Regenerating Liverpool’s Historic Waterfront
The historic Liverpool Waterfront is undergoing extensive regeneration under the masterplan for the Liverpool Waters. With a new cruise liner terminal promoted by Liverpool City Council and a new ferry terminal promoted by Isle of Man Government, this will transform the city’s northern docks by overhauling a 60-hectare area.
The city, its shipping industry and infrastructure were all integral to the growth of the British Empire in the 18th and 19th Centuries, helping establish the nation as a global trading superpower. Liverpool’s docks pioneered shipping technology, featuring transportation systems and port-management methods far beyond their contemporaries. The redevelopment of Liverpool Waterfront aims to revive the city’s docks, befitting their illustrious past and re-establishing the iconic area as a major hub for sea transportation, leisure and commerce.
Our Infrastructure & Environment team supported the planning applications for the Liverpool Cruise Terminal and the Isle of Man Ferry Terminal, two major projects on the River Mersey, within the Princes Dock area.
Cruise liners return to Princes Jetty site
Located at the former Princes Jetty site, the new 10,000 m², two-storey cruise terminal will be constructed on a suspended deck structure over the River Mersey. The ground floor will house the baggage hall, with the second floor becoming the passenger lounge and check in area. The terminal will be connected to the existing cruise ship landing stage/berth by a passenger and vehicular Linkspan bridge, whilst the existing cruise ship berth will remain unaltered. Externally, the terminal facility will include vehicle drop off and pick up facilities and feature a new landscaping design.
Promoted and developed by Liverpool City Council, the project is scheduled to commence in early 2019 with completion anticipated by the end of 2020.
Plotting a course for the Isle of Man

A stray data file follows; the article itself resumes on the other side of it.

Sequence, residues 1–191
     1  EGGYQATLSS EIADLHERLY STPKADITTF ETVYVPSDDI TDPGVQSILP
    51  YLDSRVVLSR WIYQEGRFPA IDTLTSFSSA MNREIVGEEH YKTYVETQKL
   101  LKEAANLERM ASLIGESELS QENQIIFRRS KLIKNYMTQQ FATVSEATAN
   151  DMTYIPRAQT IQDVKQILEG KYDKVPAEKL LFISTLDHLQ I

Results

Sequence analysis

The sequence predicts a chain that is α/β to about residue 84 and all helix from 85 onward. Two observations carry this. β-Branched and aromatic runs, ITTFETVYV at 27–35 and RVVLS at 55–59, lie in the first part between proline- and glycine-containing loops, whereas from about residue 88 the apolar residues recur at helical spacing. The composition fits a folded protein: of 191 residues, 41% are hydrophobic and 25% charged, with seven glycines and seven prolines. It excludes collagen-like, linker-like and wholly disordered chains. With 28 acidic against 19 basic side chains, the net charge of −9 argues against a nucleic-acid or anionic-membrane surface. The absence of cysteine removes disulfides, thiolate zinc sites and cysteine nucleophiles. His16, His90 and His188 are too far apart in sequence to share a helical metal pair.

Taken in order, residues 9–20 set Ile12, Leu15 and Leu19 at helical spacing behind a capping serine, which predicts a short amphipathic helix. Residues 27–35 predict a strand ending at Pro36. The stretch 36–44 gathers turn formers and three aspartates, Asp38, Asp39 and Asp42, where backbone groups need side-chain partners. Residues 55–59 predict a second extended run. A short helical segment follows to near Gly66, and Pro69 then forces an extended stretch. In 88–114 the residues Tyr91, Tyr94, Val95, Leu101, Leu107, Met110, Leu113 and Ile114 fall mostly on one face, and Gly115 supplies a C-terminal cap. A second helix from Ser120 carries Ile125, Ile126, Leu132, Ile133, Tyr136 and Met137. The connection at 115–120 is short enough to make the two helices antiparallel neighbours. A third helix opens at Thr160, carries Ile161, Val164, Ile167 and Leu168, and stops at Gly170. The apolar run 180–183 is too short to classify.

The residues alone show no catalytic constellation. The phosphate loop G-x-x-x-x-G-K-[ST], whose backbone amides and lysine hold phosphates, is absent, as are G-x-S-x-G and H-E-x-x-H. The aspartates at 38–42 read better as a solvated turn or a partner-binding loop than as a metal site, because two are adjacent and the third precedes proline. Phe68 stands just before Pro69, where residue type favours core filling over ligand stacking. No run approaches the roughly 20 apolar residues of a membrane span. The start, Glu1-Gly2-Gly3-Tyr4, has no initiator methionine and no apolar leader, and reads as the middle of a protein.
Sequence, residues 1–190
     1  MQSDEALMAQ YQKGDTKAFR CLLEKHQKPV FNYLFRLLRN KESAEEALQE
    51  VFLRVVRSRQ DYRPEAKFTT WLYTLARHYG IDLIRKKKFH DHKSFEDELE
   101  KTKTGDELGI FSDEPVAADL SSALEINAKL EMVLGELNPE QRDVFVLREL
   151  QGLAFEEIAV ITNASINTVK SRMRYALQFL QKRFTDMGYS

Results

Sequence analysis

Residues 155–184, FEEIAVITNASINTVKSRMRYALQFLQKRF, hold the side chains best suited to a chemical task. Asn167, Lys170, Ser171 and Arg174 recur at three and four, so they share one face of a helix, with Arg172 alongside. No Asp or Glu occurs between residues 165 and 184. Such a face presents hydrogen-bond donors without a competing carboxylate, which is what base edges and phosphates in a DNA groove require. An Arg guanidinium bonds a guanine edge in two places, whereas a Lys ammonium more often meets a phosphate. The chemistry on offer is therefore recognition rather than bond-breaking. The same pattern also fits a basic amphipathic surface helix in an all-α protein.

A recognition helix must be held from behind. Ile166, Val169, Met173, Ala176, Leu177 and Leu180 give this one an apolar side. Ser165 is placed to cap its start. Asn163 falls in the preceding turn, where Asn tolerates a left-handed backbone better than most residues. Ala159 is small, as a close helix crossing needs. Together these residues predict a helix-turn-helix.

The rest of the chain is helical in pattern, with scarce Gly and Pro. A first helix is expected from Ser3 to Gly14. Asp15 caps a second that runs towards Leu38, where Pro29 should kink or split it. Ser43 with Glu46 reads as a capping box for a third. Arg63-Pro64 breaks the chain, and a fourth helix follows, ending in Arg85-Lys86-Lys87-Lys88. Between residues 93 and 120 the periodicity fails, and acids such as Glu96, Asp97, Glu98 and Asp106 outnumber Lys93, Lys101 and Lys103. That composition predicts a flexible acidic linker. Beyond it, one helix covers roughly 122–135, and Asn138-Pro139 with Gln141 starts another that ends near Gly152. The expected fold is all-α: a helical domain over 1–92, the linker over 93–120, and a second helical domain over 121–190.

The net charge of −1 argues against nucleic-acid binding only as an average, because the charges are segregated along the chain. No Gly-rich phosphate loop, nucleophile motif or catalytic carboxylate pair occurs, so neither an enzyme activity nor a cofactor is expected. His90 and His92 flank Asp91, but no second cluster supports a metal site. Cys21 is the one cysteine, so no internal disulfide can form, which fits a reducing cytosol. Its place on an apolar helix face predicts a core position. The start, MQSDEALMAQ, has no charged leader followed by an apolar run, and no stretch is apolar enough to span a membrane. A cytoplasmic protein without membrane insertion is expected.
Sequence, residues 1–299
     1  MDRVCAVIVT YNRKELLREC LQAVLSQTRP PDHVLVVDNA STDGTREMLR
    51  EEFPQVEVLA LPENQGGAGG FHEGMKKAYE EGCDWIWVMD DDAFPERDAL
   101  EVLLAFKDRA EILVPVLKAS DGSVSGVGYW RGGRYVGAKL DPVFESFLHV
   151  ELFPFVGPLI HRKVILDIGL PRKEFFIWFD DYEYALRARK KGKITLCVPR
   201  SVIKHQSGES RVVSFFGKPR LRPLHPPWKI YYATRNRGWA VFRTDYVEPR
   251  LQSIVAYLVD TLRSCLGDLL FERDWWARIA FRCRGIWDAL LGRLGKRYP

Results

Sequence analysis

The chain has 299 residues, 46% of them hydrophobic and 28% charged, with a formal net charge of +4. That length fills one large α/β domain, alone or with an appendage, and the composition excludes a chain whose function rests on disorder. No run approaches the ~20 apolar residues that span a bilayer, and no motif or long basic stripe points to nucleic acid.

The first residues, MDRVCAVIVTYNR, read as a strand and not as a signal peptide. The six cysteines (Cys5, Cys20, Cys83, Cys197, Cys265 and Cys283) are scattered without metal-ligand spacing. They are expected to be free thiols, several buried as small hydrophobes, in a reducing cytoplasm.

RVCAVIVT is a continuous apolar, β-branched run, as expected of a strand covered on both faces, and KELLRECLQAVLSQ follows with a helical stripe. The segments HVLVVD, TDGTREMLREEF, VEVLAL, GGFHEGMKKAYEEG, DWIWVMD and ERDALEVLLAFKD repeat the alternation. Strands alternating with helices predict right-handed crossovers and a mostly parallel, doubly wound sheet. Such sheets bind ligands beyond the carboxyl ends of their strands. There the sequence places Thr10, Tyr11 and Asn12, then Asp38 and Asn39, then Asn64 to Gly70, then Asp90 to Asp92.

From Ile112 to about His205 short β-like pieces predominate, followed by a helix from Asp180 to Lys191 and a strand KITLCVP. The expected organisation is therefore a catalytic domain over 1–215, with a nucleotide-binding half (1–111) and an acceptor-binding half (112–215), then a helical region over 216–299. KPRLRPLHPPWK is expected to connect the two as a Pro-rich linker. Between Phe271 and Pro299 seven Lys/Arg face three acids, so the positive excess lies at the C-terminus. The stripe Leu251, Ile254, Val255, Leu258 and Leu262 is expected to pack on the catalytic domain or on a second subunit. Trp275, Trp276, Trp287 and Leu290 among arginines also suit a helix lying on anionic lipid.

Liverpool’s new Isle of Man Ferry Terminal development aims to create a ‘Universal Berth’ capable of accommodating vessels of up to 142 m length, replacing the obsolete existing facility, by providing ferry crossings to Douglas, Isle of Man. Proposed by the Department of Infrastructure of the Isle of Man Government, the new terminal will be situated at the Princes Half Tide Dock.
The proposals include a two-storey terminal building with an external access road, passenger vehicle queuing lanes, vehicle parking areas, passenger access systems, and marine structures within the River Mersey. The new ferry terminal falls within the Liverpool Maritime Mercantile City UNESCO World Heritage Site which includes the ‘Three Graces’ including the Liver Building, Cunard Building and the Port Liverpool Building designed by the world famous architect Walter Aubrey Thomas.
With numerous protected buildings and structures situated in close proximity, the development will sit at the very heart of the treasured historic area, within a city boasting more Grade I-listed buildings than anywhere else in the UK.
Steering the Environmental Impact Assessments
Our team coordinated and delivered the Environmental Impact Assessment, in support of each planning application. This involved the preparation of an Environmental Statement for each of the projects, focussing on the most significant environmental effects of the developments, including air, soil, sediment and water quality, terrestrial and underwater noise, marine ecology and traffic.
In addition, we provided standalone specialist assessments to address issues associated with the high heritage sensitivity of the sites, as well as the proximity to ecological receptors. The reports produced to accompany the submission included Historic Environment Assessments, International Council on Monuments and Sites Statements, Habitat Regulations Assessment Screening Report and Water Framework Directive Assessments.
We are working in synergy with AECOM (the projects planning consultant and design engineers), Turner & Townsend and Manser Architects in consultation with the Planning Department of the Liverpool City Council and the Marine Management Organisation. Together, our aim is to ensure that the significant potential environmental impacts are addressed at the design stage, ensuring these are mitigated during the construction and operation of the developments.
The high-quality schemes reflect the marine location and have been designed with the aspiration of improving and enhancing the townscape character of the sites. The new facilities will also respond to the latest energy standards and will encourage sustainable modes of transport including walking and cycling to and through the sites.
John Hughes, Regional Director at our Manchester Office, says; “We are thrilled to be working on such prestigious projects at this key heritage location. Whilst challenging, the schemes will provide a huge boost for the whole of Liverpool, putting it’s docks back on the map and reinforcing centuries of history for Liverpool’s maritime transportation and commerce industry.”